Get Ready for Mother Nature: Winter Preparedness in APS

None of us can control Mother Nature, but we can do our best to plan for inclement weather. This week marks the beginning of Georgia Preparedness Week (Nov. 30 through Dec. 4). My number one priority is to make sure Atlanta Public Schools students and staff are safe and ready to learn and to teach.

Did you know that last year APS updated its comprehensive decision-making protocol for bad weather? I am committed to communicating inclement weather decisions to parents, students and employees, and this school year, we have a plan in place that continues to put safety first. Should severe weather threaten us during the school day, we will bring in additional drivers to ensure buses start and run on time. We will also ensure that district vehicles, equipment and supplies are prepared and in place before an emergency strikes.  APS has now established schedules and guidelines for early dismissal and delayed openings, and provided inclement weather training for all drivers and supervisors. Additionally, we have made emergency food, water and medical supplies readily available and easy to access at all district facilities and ensured that the needed technology and equipment are available for emergency communication.

Furthermore, this year we will again monitor weather reports closely and hold conversations throughout the day, overnight and early morning as needed with our emergency preparedness partners to help us make the best decisions for our students’ safety.

APS activates our severe Core Weather Team, which includes representatives from APS Operations, Transportation, Safety & Security, Facilities Services, Communications, Curriculum and Instruction, Nutrition and Information Technology departments when our city is under a severe weather threat.  Our team enters into a live conference call to assess the weather information we are receiving as well as emergency plans driven by the City of Atlanta and the state’s Homeland Security and Emergency Management Office, Fulton County Emergency Management, and others.  In these conference calls, we rely heavily on information provided by the National Weather Service and local meteorologists to provide the best and most reliable information. The meteorologists often want to wait as late as possible, when better data allows for more accurate forecasts and precise modeling. Sometimes, this wait can conflict with the district’s need to notify families early as possible. Once we make a decision about school operations during bad weather, we will begin notifying parents and caregivers as soon as possible.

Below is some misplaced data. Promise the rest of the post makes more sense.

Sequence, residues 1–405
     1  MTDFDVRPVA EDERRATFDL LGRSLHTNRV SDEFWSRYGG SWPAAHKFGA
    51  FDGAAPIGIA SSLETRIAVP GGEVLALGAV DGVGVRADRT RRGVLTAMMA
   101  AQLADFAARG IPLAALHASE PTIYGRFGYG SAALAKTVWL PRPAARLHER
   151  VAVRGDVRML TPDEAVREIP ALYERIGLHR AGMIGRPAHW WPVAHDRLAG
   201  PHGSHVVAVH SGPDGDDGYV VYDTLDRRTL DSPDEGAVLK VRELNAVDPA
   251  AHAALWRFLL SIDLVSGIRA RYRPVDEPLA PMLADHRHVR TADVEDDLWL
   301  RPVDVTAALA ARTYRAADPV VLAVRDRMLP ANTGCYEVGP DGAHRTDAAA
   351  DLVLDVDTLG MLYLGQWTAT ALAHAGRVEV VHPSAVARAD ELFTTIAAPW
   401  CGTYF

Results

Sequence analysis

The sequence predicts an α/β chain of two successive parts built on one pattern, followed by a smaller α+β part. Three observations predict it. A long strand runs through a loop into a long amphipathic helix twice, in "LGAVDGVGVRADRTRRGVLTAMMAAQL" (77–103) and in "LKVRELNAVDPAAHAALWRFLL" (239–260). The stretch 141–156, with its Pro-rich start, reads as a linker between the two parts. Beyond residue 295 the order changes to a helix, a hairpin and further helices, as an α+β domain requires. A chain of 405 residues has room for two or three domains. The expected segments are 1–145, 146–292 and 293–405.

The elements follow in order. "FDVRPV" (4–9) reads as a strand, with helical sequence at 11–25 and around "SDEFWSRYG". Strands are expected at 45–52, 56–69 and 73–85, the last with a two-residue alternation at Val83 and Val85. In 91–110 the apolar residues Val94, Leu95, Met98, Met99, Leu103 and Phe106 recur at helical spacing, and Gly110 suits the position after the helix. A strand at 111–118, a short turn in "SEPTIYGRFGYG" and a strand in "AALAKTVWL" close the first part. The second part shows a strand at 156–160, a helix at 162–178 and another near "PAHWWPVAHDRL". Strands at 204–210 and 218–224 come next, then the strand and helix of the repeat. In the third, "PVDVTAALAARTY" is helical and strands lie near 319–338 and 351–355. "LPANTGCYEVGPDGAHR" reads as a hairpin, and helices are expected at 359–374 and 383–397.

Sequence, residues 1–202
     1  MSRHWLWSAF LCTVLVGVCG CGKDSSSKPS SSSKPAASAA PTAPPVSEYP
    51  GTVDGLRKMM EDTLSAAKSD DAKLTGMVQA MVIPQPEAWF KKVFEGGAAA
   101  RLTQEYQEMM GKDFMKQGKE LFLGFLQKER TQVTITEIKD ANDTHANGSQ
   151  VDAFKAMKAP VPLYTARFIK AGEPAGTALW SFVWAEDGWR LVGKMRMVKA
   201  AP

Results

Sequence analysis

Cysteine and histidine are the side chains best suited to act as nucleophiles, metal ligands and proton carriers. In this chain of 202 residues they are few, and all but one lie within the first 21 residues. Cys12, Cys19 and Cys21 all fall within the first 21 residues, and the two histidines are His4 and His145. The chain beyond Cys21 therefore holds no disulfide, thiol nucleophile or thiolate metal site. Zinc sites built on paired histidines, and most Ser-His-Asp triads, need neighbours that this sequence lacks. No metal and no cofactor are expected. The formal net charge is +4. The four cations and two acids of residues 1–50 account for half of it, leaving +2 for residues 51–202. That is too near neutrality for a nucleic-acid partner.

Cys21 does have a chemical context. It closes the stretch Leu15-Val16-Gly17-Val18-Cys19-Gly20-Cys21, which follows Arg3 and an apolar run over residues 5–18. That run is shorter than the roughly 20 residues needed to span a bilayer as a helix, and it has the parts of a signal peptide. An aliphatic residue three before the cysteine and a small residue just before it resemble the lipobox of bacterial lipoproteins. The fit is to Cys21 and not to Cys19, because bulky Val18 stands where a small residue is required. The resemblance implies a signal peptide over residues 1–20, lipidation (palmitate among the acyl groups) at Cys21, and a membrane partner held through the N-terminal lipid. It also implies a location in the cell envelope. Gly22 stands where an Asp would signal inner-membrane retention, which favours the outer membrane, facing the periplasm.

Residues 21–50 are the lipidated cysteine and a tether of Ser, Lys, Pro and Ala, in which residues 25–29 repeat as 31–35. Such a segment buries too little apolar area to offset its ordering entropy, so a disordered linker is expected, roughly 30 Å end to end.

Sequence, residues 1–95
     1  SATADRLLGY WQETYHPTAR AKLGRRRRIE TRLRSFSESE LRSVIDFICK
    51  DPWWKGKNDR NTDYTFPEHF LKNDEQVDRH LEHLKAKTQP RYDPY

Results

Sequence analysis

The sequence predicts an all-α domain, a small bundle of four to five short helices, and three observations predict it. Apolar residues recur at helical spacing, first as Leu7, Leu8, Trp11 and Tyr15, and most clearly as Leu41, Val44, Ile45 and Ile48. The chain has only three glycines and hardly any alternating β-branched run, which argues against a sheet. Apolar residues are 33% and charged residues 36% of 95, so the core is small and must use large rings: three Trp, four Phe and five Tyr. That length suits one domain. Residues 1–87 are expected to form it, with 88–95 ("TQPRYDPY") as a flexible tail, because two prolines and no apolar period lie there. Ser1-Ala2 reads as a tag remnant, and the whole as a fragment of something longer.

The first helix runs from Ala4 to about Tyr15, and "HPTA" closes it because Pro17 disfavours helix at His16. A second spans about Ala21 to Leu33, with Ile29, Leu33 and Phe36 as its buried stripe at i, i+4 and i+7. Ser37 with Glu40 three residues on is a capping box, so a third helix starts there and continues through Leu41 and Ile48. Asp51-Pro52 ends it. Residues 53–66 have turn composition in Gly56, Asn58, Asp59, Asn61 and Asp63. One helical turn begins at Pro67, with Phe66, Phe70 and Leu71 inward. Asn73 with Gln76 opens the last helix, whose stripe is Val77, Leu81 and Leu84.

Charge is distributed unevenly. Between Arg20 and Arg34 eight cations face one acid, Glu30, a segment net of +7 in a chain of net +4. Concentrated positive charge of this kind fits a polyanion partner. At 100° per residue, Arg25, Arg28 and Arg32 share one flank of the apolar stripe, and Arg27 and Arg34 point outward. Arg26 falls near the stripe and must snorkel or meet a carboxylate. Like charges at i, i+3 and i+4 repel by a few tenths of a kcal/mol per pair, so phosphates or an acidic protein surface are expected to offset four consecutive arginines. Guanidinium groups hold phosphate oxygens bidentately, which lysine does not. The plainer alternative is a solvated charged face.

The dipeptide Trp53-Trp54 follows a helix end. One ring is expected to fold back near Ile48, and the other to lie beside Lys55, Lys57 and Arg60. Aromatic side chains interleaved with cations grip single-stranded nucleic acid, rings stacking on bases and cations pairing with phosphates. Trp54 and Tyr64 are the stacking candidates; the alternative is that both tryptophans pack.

Here are some important steps to know when severe weather impacts our school day:

  1. APS will contact parents and guardians as soon as possible; therefore, it is important that we have current contact information. I encourage all APS parents and guardians to log in to the APS campus portal to update their preferences for emergency notifications, which include robo-calls, text messages and e-mails at Parents, make sure we know how to contact you in an emergency. We will do our part to notify you, but we need your help to stay informed.
  2. Should we need to close our schools early due to inclement weather forecasted for the same day after school has already started, the Core Weather Team will convene as early in the school day as possible, likely around 9:30 a.m. to make a recommendation. You would, in this case, begin receiving notice of our decision by 10:30 a.m. that day from the district’s communications channels, including the local news media.
  3. If inclement weather is expected the next day, our team will begin the conversations and close monitoring on whether to delay or close schools.